By Mark Wright, OD, FCOVD,
and Carole Burns, OD, FCOVD
Oct. 7, 2020
Every practice is going to experience third-party claim denials. Some denials are fixable, such as claim submission problems (incorrect or incomplete information) or third-party processing errors, and some are not fixable, such as lack of coverage issues. Sometimes fixes are easy to make and other times the fixes take additional work. No matter the reason, every practice should have a process for handling the denials. These three steps will give you a starting place for that process.
STEP 1: DETERMINE WHY THE CLAIM WAS DENIED AND FIX IT
You can find this answer on the explanation of benefits (EOB) forms and/or Remittance Advice (RA) you receive from third parties. Third party/insurance carriers use different denial codes indicating their reason(s) for nonpayment or why a claim was paid different than billed. The Claim Adjustment Reason Codes (CARCs) communicate why you were paid differently than billed. Two examples would be: (1) patient responsibility and (2) charge exceeds fee schedule/maximum allowable or contracted/legislated fee arrangement.
If you were paid differently than billed, and there is no CARC on the claim payment line, you should contact the carrier to find out why.
Often, if the problem is a processing error, a simple call to the carrier may resolve the issue.
Two words of advice – be kind. It is not helpful to take your anger out on the person at the third party answering the phone. The old adage that you get more with honey than vinegar is always true when dealing with third parties.
If this does not resolve your denial, then you need to follow the Incorrect Denial suggestions.
When the claim is denied due to incorrect information, make corrections and resubmit the claim to the carrier using their corrected claims process.
If the claim should have been paid, yet the carrier as incorrectly denied the claim, then you will need to submit an appeal/reconsideration. Not every carrier has the same process, so you will need to follow the carrier specific appeals process. This process can usually be found on the carrier web site.
When there is a lack of coverage, or there is a fee schedule/maximum allowable or contracted/legislated fee arrangement, the patient is often responsible to pay the bill. Be careful to follow balance billing rules and Advance Beneficiary Notice of Noncoverage (ABN) rules.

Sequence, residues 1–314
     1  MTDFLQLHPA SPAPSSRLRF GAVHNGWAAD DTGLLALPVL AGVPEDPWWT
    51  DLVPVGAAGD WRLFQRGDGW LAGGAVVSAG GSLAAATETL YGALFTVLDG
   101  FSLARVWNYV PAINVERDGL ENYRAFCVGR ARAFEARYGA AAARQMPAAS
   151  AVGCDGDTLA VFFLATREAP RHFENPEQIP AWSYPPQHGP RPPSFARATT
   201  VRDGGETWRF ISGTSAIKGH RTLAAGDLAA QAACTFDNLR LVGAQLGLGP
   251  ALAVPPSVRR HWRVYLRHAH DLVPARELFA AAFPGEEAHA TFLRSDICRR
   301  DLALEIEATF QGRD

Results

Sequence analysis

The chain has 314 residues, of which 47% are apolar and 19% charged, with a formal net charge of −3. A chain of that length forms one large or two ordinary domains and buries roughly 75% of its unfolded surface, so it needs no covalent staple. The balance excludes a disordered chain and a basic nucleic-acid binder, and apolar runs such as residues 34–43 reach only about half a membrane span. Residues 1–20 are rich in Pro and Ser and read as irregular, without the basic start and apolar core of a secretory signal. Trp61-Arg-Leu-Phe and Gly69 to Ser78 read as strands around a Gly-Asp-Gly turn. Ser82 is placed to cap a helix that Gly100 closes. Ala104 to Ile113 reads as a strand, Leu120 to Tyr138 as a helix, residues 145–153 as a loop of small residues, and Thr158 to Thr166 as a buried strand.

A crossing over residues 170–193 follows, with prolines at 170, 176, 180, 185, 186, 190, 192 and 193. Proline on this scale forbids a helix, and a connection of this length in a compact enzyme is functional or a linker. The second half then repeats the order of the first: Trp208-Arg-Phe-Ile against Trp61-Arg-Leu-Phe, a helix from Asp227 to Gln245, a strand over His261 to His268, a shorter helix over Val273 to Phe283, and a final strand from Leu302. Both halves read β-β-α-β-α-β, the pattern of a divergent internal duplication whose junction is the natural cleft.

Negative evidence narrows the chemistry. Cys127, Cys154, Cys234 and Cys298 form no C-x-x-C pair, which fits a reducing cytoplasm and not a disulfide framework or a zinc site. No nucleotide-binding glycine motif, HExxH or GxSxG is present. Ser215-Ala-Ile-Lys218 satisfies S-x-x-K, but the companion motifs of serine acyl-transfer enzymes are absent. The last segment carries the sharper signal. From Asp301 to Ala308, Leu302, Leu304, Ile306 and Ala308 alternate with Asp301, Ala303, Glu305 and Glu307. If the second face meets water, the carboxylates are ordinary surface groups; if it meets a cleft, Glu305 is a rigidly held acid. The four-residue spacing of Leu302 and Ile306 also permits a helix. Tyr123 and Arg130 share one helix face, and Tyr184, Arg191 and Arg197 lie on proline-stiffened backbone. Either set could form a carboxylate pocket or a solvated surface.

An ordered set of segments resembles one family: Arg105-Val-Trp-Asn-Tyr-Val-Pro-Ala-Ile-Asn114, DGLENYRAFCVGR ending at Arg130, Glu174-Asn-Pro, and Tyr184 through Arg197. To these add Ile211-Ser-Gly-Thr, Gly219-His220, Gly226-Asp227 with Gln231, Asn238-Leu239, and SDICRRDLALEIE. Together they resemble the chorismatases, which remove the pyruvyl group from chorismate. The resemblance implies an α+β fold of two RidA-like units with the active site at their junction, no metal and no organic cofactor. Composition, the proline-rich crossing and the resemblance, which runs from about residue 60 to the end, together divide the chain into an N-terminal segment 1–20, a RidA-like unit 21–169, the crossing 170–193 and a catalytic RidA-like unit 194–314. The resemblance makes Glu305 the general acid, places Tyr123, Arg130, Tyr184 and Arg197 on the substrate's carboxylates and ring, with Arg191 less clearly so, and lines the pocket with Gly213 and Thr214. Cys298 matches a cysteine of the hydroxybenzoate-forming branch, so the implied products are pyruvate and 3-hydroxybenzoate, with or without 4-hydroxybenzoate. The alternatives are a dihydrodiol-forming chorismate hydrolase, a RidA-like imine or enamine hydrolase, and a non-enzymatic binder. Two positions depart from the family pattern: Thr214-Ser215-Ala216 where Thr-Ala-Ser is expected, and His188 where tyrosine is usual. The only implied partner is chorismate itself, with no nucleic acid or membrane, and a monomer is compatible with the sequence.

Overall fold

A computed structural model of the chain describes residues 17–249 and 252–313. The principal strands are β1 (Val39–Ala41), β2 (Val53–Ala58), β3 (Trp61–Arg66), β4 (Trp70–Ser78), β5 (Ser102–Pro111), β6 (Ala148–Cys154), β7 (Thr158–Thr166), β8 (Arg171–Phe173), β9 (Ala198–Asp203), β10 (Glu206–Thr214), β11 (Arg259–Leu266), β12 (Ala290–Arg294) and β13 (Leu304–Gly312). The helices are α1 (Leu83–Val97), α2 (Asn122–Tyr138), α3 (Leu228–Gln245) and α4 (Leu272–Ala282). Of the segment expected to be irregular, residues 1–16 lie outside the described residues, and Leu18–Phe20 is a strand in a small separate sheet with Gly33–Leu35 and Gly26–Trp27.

STEP 2: TRACK WHAT HAPPENS
You must be organized to track the denials and what happens so that you can follow up on any claim very easily. Create two folders in your computer: open claims and closed claims. The open claims have not yet come to the end of the road. They are still in process of being resolved. File these by patient name, third party carrier and date of original claim so that you can sort them in each of these ways. Attach notes to the files make sure to keep track of who you contacted at the carrier, the date of contact and a short description of what was said or done. This will save you time in the long run and help get you to a fix faster.
Closed claims have been resolved.
STEP 3: INFORM YOUR PROVIDER ADVOCATE
Often denial trends occur with carriers. Sometimes it’s our fault, so that means we have an internal systems problem that needs to be resolved to fix the problem. More often, it is a carrier problem. When a high number of problem denials seems to be coming from a carrier, use this approach to fix the problem.
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1. Contact Provider Relations at the carrier and ask to speak to a supervisor. (The people answering the phone do not have the ability to institute changes within the company, so you need to talk to someone who can actually fix the problem.) Explain the problem you discovered and make sure to have the claims ready to give specific examples to the supervisor so they can see the same problem you see.
2. When dealing with trend problems, contact your state optometric association chair of the third-party committee (or equivalent) and, if the carrier is a national carrier, also contact the AOA, so that both the state and national associations are aware of the problem and what you are trying to do to correct the situation. Be careful to follow HIPAA guidelines during this sub-step.
Claim denials take time – staff time and sometimes doctor time. There are only a finite number of hours in any day, so any time spent on dealing with claim denials is taking staff and doctors away from providing patient care. By having a defined process for handling claim denials, your goal is to get better and better at submitting claims and, therefore, spend less and less time dealing with claim denials.